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Fire Resistant Landscaping also Helps Prevent Erosion

   Many houses throughout the county are located either in back country areas where there is a lot of natural brush in the vicinity or even in urban areas where houses are next to canyons. In their natural cycle, most native plants depend on fire to regenerate and/or restore nutrients to the soil. Because of this, people living in these areas must take into consideration potential hazard of fire to their homes, particularly during the late summer and fall months when brush is high enough and dry enough to present a potential threat. It is during the autumn months that scorching Santa Ana winds take their toll on summer dried brush to create major risks to home and property.
   No amount of care can completely eliminate the threat of fire, but there are steps to take which decrease the potential. Everyone knows to clear dry brush from around buildings, however consider that if the ground is left bare the following rainy season will cause erosion problems. One of the primary plant materials used for fire retardation and soil erosion prevention are hardy ground covers. An excellent ground cover for this purpose is ice plant. A perennial succulent, ice plant comes in many attractive varieties and colors including Rosea Ice Plant, Sea Fig Ice Plant, Red Apple, Disneyland, and several trailing and creeping ice plants. Other good ground covers include Capeweed, Gazania, Algerian Ivy, African Daisy and Verbena.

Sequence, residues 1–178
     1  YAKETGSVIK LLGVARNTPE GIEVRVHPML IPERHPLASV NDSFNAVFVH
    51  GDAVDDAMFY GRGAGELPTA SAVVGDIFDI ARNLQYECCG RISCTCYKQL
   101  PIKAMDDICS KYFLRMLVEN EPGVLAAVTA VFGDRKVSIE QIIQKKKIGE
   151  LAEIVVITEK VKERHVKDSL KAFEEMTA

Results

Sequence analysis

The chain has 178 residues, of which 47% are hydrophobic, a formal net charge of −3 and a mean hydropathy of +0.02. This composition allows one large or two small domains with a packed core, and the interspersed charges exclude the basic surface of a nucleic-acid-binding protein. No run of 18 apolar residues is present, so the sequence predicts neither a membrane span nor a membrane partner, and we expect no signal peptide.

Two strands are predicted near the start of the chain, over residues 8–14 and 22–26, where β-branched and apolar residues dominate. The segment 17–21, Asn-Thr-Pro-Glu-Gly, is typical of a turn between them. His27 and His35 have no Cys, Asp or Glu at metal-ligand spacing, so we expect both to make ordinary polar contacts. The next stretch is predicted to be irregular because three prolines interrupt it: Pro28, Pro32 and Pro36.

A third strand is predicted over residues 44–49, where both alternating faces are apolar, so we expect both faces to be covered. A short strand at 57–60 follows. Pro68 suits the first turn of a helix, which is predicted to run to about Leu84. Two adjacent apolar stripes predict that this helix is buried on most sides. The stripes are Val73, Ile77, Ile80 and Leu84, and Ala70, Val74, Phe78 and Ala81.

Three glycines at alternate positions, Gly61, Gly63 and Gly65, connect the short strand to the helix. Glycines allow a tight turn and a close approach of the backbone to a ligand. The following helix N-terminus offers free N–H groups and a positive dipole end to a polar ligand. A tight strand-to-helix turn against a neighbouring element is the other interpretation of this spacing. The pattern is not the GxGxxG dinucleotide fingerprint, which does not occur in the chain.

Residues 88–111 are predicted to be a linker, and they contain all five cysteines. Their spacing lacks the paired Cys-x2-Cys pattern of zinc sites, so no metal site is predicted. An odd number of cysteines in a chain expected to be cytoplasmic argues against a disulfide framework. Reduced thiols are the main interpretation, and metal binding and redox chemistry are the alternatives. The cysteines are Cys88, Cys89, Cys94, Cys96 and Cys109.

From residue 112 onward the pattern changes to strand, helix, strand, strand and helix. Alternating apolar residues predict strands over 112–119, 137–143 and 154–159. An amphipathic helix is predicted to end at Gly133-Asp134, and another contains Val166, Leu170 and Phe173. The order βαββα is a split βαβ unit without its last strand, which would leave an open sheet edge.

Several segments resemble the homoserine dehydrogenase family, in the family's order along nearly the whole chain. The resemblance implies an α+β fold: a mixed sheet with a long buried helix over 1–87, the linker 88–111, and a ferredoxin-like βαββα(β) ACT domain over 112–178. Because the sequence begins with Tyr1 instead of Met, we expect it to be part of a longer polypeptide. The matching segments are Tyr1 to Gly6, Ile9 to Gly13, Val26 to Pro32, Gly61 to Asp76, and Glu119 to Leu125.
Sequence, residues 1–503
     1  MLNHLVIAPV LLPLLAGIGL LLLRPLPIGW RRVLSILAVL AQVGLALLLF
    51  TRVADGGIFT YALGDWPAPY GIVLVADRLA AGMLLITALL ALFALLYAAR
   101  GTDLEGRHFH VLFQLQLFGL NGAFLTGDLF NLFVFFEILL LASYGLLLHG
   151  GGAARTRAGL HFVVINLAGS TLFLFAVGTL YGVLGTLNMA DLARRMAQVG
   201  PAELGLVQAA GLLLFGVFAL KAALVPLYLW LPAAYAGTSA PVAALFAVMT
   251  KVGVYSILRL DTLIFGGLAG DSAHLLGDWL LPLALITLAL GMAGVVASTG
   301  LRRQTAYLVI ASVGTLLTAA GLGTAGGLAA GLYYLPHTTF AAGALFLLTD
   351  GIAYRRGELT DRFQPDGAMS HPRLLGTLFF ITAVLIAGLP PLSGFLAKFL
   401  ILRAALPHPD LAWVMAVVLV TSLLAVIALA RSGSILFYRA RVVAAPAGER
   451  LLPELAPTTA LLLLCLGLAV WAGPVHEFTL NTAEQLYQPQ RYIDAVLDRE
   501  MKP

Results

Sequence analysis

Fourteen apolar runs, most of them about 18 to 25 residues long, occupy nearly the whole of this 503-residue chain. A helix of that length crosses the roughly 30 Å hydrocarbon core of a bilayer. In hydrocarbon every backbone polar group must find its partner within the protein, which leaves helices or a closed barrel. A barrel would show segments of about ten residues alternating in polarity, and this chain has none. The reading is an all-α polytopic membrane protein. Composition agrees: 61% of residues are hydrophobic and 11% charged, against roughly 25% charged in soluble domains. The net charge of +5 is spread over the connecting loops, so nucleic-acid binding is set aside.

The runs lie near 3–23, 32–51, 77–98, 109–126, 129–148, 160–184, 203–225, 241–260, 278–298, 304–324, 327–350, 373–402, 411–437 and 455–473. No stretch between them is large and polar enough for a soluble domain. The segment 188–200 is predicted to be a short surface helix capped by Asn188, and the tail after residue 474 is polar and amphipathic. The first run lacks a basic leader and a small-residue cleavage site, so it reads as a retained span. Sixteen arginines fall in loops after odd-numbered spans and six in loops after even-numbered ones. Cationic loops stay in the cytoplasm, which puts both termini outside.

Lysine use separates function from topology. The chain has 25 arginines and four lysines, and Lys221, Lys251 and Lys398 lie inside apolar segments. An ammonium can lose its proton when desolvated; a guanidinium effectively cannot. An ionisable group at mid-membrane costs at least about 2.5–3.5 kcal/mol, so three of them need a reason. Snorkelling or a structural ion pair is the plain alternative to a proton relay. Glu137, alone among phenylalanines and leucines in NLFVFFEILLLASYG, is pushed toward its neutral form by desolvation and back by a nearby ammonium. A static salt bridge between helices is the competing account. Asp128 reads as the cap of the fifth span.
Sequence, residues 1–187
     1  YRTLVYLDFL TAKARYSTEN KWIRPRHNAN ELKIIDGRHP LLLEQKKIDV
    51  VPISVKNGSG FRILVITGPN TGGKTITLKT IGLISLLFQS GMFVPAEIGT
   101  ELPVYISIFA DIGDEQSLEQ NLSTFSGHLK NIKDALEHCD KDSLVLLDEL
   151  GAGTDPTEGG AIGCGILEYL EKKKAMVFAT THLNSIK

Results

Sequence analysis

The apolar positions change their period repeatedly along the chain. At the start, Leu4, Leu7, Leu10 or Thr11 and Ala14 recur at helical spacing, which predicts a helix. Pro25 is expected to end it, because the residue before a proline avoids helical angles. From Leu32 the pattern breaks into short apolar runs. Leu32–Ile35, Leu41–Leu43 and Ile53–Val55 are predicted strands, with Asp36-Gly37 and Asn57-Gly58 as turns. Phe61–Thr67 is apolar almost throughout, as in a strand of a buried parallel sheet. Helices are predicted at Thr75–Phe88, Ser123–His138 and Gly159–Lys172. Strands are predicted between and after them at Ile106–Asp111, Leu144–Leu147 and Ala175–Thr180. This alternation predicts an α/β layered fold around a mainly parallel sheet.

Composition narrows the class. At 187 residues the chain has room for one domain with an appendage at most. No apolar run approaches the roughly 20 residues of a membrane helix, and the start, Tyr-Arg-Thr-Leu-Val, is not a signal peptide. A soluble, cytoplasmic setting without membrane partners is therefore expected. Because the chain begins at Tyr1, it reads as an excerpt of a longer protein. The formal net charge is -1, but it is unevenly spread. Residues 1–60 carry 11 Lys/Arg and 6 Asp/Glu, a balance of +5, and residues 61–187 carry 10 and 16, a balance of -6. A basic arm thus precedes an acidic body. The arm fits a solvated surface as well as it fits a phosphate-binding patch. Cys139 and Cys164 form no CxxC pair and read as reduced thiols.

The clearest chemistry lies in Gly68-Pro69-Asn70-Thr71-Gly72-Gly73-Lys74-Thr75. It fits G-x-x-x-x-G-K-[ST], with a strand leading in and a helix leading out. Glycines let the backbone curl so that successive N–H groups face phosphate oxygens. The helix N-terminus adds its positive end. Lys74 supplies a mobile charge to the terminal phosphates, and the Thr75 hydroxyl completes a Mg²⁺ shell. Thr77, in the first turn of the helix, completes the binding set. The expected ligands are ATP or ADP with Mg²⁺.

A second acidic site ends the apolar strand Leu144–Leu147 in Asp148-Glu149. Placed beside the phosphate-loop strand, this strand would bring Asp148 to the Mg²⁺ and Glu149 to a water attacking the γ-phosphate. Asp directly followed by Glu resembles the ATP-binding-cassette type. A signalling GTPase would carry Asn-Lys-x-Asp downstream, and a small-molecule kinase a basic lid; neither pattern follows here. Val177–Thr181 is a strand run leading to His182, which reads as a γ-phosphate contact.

You may want to select trees and shrubs that won’t necessarily protect you from fire, but won’t add to the situation either. A good choice would be Aloe, Bougainvillea, Prostrate Acacia, Rockrose, Mexican Fan Palm, Yucca or California Laurel.
   Remember to water and fertilize regularly so plants maintain their vigor and moisture content. Installing an irrigation system is one way to ensure plant material around the perimeter of the property has a high enough moisture level to keep it from burning.
   Once landscaping is established, don’t let things get overgrown, particularly with excess dead foliage. Trim and prune regularly to keep plants contained and in a desired shape and density.
   Brush fires don’t happen every day, but when they do they are destructive and potentially deadly. One can’t landscape to eliminate every fire hazard, but taking a few basic precautions may protect you from major damage even if only by slowing the burn rate. With the variety of plant material available today, landscapers and homeowners need not sacrifice an attractive garden for a safe one.